Black market dealers not to sell dollars after cap on cash deposits
Egypt Central Bank - YOUM7 (Archive)
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CAIRO: Black market traders have refrained from selling the U.S. dollar starting Thursday, after receiving another tough blow from the Central Bank of Egypt (CBE), which imposing a $10,000 daily ceiling for cash deposits in hard currency for both individuals and companies.

Meanwhile, one can sell the dollar at 8.82 EGP on the black market Saturday, a black market dealer told The Cairo Post.

The Egyptian pound stabilized at 7.53 per U.S. dollar at a regular central bank auction Thursday for a third consecutive day, after 10 depreciations in a row since Jan. 18. It remains the lowest level the local currency was allowed to reach since auctions started in December 2012.

The bank’s Wednesday’s decision came few hours after Youm7 published an exclusive report that Egypt will receive $10 billion in deposits from Saudi Arabia, Kuwait and the United Arab Emirates prior to the country’s Economic Development Summit scheduled in March.

“Deposits from the Gulf states would save cash liquidity in dollars which enables the central bank from defeating the parallel market in the short-term,” banking expert Khaled Ateya told The Cairo Post.

“The pledged deposits are separate from investments the three countries are going to put forward at the summit,” top government sources told Youm7 Wednesday.

Egypt hopes the long-awaited economic conference will lure fresh investments worth billions of dollars to boost its limping economy hit by political turmoil since the January 25 Revolution.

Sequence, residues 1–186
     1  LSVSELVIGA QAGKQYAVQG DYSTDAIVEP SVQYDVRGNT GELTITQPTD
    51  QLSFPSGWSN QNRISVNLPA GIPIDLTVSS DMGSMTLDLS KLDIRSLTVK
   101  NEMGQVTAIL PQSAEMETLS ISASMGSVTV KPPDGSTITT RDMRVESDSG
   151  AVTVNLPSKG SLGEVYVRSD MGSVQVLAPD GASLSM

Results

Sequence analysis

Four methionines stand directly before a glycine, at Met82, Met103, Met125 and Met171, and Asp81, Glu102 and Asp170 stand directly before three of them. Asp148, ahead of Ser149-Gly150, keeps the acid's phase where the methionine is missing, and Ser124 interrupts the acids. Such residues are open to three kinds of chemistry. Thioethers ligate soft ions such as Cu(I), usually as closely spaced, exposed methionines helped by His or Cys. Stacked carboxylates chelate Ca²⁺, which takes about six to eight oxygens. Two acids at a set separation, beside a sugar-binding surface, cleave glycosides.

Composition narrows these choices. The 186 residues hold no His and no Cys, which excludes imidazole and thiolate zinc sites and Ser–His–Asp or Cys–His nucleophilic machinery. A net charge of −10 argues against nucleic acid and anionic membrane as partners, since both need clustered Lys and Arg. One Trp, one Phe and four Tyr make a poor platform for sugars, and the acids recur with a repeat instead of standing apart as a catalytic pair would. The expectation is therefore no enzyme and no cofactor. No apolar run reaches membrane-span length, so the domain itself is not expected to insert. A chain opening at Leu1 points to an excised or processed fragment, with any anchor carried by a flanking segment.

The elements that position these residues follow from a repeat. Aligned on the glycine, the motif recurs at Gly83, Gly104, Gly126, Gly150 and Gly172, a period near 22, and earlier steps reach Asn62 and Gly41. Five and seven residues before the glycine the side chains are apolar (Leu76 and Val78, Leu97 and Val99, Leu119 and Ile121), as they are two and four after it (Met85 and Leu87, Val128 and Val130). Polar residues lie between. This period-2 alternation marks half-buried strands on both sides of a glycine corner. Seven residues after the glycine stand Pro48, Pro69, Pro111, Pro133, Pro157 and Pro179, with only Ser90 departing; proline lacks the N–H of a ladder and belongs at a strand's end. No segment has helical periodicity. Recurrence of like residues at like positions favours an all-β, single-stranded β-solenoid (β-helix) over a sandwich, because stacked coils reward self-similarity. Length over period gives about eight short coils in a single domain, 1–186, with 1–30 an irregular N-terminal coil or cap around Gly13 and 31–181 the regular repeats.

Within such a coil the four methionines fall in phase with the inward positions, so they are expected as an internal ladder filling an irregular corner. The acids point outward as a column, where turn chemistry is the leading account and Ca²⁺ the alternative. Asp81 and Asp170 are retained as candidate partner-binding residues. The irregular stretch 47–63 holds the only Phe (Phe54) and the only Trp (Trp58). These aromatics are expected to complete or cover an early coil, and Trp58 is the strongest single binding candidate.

In 2013, the three gulf nations pledged $12 billion to Egypt in cash aid, deposits and petroleum shipments to support its economy after the military ousted President Mohamed Morsi following mass protests against his regime the same year.

Meanwhile, Ateya criticized imposing a cap on cash deposits in dollar from businesses as investors do not prefer countries placing restrictions, but he reiterated that it was another “strong blow” against the balck market.

Central bank has succeeded in reducing the dollar price gap in the official and parallel markets, said Ateya, urging the CBE to raise interest rates for local currency deposits to encourage people put their saving in local banks.

“This will help reduce cash liquidity and possible inflation hikes, while controlling dollarization at the same time,” the expert concluded.

In a step to tighten its grip over dollar trading on the black market, the Central Bank, the auctions of which determine the rates banks sell the dollar to clients, widened the range in which banks can trade dollars last week to 10 piasters above or below the official rate, up from 3 piasters.

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